featured comments

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Featured comments or featured replies are a practice on some websites which typically add some sort of visual cue or indicator to comments often to indicate quality, value, or even specific authorship.

Another variation of this is featured author comments which provide a visual cue to comments by the post's original author(s) which can indicate a level of care and curation by the author. This may indicate that they're not only reading the comments, but replying to the more valuable comments and questions to add additional information that they may not have thought to include in the original post, but which are likely to be of a higher quality in line with the original post.


Why

Some sites can receive hundreds or thousands of comments on some posts and the level of value of some of these commentary may be either exceptionally low or even abusive. So-called "me-too" comments like "This is a great article", "I love this", "I'm bookmarking this", etc., while supportive of the author, don't provide any value for the readers of the article. Separating out low-level commentary (or even hiding it) from higher quality commentary may help provide readers with more value.

It's often actively said, particularly of silo commentary like that seen on YouTube and Hacker News, that one should never read the comments, in part because of the me-too nature of some comments, low quality, and/or abuse. Clapbacks, often seen on social media are an example of this sort of abusive behavior.

Highlighting good comments/questions and interactions can also help to provide positive feedback for such behavior.


How

There are a variety of ways to potentially implement this, but one might use some data to allow CSS rules to create a highlight of such data using color, outlines, backgrounds, stars, or other visual cues. See examples below for implementations.


IndieWeb examples


Other Examples

StackExchange

  • Stack Exchange and variants like Stack Overflow allow users to vote up replies to questions and reorder them on the page by default by the great number of votes received.

The UI allows users to sort answers by "Active", "Oldest", and "Votes" with votes being the default. The author of the question can also come back at a later date and accept the best answer which is shown on the site with a green checkmark next to the answer. Hovering over the answer will show a tool tip text stating something like "The question owner accepted this as the best answer Jun 20 '18 at 7:14."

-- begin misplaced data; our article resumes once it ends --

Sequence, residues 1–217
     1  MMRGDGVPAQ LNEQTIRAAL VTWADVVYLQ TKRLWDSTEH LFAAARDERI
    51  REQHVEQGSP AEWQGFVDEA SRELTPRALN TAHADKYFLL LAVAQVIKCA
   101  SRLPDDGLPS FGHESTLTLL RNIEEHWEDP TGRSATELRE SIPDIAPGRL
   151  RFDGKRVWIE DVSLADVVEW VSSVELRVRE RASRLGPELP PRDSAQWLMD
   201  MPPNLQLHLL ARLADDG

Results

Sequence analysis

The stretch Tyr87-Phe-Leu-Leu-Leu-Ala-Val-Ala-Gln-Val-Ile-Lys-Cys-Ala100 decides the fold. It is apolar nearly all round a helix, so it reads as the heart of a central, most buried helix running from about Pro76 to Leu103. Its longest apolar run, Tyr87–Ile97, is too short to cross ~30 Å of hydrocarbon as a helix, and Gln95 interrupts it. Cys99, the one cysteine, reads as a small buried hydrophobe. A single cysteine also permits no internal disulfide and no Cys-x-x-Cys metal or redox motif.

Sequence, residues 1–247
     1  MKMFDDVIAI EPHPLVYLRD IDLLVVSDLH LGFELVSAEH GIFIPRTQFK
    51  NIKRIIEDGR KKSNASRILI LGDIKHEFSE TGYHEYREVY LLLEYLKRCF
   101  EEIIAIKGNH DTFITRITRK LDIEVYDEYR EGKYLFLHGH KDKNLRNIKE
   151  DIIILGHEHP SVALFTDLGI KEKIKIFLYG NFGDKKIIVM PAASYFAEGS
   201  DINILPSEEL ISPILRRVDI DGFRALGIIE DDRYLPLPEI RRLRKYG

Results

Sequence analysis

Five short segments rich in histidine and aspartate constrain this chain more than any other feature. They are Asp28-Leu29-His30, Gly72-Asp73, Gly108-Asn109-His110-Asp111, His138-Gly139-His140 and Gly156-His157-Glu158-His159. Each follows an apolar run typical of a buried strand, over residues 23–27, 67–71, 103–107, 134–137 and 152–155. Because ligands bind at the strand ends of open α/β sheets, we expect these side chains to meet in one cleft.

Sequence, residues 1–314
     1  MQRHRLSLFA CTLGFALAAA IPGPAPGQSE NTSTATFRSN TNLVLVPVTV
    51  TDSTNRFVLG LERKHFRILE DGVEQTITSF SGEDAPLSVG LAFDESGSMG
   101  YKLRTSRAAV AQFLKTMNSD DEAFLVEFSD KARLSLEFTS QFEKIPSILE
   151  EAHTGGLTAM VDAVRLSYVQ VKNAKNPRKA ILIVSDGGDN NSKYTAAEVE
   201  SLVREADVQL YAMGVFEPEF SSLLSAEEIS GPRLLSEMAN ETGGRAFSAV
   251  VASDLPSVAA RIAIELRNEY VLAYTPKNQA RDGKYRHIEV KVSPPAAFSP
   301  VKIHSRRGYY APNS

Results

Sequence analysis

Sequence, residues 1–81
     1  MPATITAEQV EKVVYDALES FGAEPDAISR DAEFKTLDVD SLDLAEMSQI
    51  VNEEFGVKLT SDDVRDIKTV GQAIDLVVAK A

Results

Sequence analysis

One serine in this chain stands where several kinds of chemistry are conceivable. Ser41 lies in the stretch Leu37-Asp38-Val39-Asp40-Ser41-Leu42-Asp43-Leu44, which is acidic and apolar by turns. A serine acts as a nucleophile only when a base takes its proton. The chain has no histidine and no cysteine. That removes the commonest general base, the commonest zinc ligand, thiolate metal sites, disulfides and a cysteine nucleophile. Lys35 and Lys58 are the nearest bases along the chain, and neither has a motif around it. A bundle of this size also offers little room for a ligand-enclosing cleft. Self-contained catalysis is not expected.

Example of a Stack Exchange accepted answer indicating the number of votes and a green checkmark indicating the question author's acceptance.

CSS Tricks

  • CSS Tricks, an online design and development related magazine, has the ability to highlight comments by adding a background to the comment on the page showing a field of purple stars as seen in the example below, from this comment:
Put your desired alt text here

YouTube

Needs research: Is there something like a "featured like" too? Like how YouTube does it? Everyone can like comments, but when the original content poster likes a reaction it gets a special little heart icon.


Articles


Plugins

Plugins on platforms that add this sort of functionality

  • Featured Comments for WordPress - Lets the admin add “featured” or “buried” CSS class to selected comments. Handy to highlight comments that add value to your post.
  • ... add addition examples here

Brainstorming

  • Example of not reading comments
hang on. "Never read the comments" is a modern internet law; are you saying there are finally places, again, where reading the comments is good for you?! Yay!— Peter Molnar, https://chat.indieweb.org/2020-08-28#t1598630378087700

a reply to:

for everyone reading sgreger’s article on webmention legalities, be sure to read dan goldsmith’s comment! it’s an important rebuttal by an actual GDPR/tech tech lawyer. (whereas sgreger is a UX designer.)— Ryan Barrett, https://chat.indieweb.org/2020-08-28#t1598627062812900
  • Chris Aldrich is considering adding a feature like this to his site to highlight not only valuable responses, but to highlight responses posted on other people's personal websites and sent via webmention. In his experience these responses tend to be more interesting and valuable to the conversation at hand, perhaps because the authors are taking greater ownership in them because they're posted on their own website.
    • His hope is that this will also highlight the value of site-to-site Webmention technology and help to popularize its use.
    • He still has to figure out a way to block webmentions backfed from social silos, which can sometimes be problematic or abusive.

See Also